Yes, I mentioned we came from a different era, but actually when you find is when you look at something that was designed with efficiency in mind is that it scales extremely well, even to much more high performance systems, and in fact if you think about the constraints I described, many of those still exist today either in developing countries or in particular domains or in mobile. So, let’s talk about some of those. The big (I wouldn’t say flag bearer as such), but one of the most famous uses of MQTT is Facebook, they wrote about their adoption of the protocol for their messenger two or three years ago because they discovered, as it was designed to be, that is very efficient on the network, it doesn’t burn their users’ data, it’s also very efficient on the CPU, so it’s not request/response, it’s not constantly polling to see if data is coming from the server, it’s a push and publish/subscribe protocol. So they use it, not only use it for messenger and for notifications in their mobile apps cross-platform, I’ve also just learnt about a week ago that they’ve got this new app called Paper which is only available in the US at the moment, which is a similar thing to Flipboard, I think, for producing a daily digest of news and they use it in that as well, so they are heavy adopters. But that’s a consumer facing internet mobile technology, let’s talk for example industry or other sectors. MQTT in use today in healthcare, there are customers of IBM’s I know and other companies that are using it for example remote monitoring of pacemaker patients, by which I don’t mean the MQTT is embedded in the pacemaker, but there are devices around that pacemaker, so when a patient, for example, goes to bed at night, the pacemaker can be monitored locally and have a trace of data uploaded to the remote clinic over MQTT, over a dial up connection, over a low power, low bandwidth connection to improve that patient’s quality of life and monitoring. It’s also being used in energy monitoring, some people are using it for home automation, in fact it’s one of the other areas where it’s caught on, really a whole range of industries, we’ve got a wiki where we’ve got a number of case studies and use cases where people talk about the kinds of things they’ve applied it to.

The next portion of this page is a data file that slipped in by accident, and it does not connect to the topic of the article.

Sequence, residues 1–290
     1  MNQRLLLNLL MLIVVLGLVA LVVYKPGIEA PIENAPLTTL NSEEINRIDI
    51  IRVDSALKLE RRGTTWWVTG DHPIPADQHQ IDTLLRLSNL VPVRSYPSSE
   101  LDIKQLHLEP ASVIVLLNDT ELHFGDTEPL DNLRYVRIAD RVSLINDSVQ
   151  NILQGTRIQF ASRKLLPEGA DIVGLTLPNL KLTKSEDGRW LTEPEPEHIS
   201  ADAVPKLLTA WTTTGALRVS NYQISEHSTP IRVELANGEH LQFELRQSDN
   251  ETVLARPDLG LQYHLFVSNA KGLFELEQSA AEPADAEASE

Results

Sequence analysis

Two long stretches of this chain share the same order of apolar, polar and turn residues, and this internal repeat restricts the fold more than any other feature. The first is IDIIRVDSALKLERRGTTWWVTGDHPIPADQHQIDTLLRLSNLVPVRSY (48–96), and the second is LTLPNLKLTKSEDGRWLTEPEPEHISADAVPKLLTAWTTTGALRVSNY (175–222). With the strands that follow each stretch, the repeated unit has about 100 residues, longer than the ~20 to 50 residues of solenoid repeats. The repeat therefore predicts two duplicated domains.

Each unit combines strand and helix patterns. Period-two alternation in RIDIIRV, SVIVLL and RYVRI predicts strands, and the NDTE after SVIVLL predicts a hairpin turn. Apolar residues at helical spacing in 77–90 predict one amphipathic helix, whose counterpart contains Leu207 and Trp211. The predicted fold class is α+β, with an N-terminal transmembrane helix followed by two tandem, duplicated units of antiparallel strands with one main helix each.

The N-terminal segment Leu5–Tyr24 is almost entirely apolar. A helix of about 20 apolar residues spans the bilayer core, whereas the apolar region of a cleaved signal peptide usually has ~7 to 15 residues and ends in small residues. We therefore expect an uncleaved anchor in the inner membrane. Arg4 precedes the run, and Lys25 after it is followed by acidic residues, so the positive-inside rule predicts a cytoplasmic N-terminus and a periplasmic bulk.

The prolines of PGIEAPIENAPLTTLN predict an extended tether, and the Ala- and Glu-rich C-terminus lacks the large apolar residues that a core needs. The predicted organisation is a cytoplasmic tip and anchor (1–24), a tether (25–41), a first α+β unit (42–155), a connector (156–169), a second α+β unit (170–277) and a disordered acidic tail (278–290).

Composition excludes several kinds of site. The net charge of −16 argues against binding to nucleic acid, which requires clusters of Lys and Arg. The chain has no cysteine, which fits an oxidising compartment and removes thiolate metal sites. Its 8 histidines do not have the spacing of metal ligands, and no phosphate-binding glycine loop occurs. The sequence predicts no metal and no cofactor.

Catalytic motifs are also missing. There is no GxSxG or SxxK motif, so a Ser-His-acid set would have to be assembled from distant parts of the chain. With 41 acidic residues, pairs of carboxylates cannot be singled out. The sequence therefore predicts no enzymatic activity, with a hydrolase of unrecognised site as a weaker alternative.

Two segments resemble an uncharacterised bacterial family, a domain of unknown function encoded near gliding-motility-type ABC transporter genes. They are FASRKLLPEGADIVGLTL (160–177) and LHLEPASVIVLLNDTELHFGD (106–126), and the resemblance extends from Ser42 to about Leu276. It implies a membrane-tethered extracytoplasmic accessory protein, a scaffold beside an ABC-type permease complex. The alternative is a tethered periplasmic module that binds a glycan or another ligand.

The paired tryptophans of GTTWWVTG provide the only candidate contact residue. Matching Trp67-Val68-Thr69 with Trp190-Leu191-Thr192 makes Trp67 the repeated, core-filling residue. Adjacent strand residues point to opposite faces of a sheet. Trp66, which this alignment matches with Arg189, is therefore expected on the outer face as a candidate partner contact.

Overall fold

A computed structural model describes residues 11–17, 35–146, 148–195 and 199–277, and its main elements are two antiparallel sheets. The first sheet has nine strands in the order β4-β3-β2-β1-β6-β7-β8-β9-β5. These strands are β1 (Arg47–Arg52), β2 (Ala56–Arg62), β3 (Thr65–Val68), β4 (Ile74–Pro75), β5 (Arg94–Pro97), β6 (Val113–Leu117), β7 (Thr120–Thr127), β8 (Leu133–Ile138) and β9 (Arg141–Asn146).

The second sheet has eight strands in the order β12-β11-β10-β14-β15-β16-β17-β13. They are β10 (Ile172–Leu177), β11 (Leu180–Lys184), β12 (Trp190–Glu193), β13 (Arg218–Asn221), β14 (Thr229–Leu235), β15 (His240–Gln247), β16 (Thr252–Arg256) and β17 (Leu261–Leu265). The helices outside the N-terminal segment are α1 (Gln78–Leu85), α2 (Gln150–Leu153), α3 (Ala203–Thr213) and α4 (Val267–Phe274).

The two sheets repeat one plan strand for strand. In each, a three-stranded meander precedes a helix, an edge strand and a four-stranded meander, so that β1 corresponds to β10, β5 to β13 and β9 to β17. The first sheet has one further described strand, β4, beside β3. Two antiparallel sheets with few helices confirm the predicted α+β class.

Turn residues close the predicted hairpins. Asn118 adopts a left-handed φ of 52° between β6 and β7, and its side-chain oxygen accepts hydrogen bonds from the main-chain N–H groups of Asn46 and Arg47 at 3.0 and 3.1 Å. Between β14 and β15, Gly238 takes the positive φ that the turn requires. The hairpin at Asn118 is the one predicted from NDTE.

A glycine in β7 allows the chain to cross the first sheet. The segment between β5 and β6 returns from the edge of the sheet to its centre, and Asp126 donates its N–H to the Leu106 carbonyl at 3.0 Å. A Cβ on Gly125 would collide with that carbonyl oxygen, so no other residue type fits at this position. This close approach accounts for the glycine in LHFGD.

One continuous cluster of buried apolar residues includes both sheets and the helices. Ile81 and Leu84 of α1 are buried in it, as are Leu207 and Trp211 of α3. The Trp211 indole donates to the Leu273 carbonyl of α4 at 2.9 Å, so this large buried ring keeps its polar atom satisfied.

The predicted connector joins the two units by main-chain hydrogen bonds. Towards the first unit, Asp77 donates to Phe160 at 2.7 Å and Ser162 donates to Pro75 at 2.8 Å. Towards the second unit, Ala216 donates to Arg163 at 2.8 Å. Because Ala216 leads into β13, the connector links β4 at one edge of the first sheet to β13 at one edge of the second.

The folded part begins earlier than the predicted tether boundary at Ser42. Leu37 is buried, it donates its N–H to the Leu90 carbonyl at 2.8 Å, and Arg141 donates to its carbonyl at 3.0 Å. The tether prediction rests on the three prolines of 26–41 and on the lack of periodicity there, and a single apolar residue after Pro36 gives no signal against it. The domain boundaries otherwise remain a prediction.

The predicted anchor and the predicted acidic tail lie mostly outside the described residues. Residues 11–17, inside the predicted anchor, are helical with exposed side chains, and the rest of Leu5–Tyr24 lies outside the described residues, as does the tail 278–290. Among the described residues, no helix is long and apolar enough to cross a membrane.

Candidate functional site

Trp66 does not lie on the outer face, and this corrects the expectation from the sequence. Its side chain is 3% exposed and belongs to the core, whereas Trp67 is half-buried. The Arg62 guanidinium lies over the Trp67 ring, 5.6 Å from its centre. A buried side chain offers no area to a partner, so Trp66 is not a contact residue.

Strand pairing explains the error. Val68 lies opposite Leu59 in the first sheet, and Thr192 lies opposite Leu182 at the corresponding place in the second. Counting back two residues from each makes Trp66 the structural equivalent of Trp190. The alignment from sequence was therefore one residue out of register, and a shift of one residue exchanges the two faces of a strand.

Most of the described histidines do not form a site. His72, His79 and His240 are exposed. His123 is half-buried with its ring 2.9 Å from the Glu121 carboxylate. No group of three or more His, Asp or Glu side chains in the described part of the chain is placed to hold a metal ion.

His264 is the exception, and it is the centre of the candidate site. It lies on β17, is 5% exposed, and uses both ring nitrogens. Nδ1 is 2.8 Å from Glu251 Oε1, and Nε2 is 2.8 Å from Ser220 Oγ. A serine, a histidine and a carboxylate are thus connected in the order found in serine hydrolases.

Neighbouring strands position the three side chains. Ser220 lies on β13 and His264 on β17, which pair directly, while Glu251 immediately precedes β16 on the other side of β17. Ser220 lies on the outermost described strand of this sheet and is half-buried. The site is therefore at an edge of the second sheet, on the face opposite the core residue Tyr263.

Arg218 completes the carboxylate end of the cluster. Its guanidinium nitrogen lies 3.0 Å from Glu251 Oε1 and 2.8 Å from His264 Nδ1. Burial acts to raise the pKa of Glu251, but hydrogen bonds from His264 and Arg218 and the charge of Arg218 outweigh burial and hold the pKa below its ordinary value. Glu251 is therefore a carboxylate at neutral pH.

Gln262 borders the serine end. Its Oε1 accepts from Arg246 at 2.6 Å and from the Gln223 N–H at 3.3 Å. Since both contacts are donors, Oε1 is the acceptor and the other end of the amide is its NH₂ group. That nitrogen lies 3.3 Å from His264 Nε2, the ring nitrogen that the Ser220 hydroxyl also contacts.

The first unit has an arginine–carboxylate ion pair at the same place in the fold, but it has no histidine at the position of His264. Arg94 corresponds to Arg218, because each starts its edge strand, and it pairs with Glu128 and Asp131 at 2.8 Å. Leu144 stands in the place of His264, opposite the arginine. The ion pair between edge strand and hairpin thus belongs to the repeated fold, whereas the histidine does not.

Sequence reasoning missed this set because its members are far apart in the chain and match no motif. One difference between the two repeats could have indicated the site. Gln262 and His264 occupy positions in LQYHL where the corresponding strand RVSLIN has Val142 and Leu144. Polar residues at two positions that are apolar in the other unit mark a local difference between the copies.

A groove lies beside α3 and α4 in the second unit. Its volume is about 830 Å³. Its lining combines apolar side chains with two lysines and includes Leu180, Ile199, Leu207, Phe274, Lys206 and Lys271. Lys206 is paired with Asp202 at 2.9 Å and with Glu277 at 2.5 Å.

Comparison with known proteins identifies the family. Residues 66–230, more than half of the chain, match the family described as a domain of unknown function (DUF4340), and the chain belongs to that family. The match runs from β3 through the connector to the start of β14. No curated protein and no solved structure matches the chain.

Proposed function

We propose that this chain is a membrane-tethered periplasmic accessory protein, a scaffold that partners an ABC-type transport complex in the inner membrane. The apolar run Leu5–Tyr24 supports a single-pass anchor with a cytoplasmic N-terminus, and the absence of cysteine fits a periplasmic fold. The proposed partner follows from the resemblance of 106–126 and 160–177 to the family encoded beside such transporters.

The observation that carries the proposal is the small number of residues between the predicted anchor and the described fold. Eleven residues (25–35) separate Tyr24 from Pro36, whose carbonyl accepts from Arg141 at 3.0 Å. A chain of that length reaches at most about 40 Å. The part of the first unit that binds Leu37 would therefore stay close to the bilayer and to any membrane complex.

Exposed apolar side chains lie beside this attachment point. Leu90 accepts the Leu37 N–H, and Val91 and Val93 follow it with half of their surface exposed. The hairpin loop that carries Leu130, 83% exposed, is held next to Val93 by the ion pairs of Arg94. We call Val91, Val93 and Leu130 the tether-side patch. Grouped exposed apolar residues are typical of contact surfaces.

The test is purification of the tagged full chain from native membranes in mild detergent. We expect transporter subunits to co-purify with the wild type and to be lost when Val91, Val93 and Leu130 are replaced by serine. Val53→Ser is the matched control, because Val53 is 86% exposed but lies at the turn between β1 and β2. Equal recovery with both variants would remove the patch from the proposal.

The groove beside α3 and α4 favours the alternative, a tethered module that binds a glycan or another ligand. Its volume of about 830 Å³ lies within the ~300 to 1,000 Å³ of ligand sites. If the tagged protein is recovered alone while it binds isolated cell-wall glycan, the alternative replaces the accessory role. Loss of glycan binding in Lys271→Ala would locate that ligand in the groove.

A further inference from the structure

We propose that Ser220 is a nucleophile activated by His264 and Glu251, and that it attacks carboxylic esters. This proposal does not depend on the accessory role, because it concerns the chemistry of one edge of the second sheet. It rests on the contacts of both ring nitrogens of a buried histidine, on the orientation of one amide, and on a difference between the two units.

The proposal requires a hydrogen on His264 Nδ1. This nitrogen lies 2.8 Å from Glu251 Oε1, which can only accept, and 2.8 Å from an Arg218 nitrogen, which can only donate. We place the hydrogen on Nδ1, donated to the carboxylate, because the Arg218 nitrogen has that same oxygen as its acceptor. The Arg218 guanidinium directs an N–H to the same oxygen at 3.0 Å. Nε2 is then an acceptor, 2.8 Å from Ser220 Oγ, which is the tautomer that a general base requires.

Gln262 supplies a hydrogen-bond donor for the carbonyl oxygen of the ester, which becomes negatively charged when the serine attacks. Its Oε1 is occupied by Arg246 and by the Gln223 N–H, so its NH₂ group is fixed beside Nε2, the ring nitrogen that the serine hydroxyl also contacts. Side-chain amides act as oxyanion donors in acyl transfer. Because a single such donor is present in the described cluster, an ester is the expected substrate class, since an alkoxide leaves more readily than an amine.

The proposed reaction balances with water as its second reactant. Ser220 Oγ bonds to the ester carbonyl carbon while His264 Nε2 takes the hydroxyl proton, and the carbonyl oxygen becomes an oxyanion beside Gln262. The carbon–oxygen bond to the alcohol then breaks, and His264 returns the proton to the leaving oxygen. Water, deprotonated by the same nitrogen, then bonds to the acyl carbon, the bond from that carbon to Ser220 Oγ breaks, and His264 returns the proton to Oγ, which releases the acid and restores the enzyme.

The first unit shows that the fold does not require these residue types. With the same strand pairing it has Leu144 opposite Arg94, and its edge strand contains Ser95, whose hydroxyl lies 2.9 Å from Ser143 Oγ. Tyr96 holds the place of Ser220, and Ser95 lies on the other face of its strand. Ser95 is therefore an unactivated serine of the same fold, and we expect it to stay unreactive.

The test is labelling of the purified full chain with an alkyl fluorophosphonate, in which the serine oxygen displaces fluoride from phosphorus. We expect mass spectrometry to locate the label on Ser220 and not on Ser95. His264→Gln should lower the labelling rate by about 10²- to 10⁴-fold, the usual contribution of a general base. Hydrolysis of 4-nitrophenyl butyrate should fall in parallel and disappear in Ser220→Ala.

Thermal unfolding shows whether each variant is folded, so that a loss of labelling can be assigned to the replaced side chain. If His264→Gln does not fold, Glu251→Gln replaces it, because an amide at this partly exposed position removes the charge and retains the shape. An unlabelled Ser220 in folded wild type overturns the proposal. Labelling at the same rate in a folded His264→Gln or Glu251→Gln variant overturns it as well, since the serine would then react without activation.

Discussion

I mentioned it’s a publish/subscribe push broadcast protocol, the clients are the end points, they are either going to be publishing data themselves somewhere, or they are subscribing and receiving data from somewhere. That somewhere is something called a broker and when we think about brokers we mentally start to leap into single point of failure, but actually there are some semantics which enable brokers to be bridged together and federated together and there are some other typologies you can construct, which would reduce the fact of single point of failure. So, we have this central object called a broker, now let’s get back to my earlier statement which is that the initial systems the MQTT was written to run on were very small and were embedded possibly less than a MB of memory, low power, low speed CPU. So, those brokers themselves have to be efficient, so there are a number of those around, IBM was the first implementer of a broker, it was a very big expensive commercial product, obviously industrial quality, but way beyond the parameters of many hobbyists. So, we are actually really blessed now that we have a number of open source brokers and we have a number of other commercial brokers.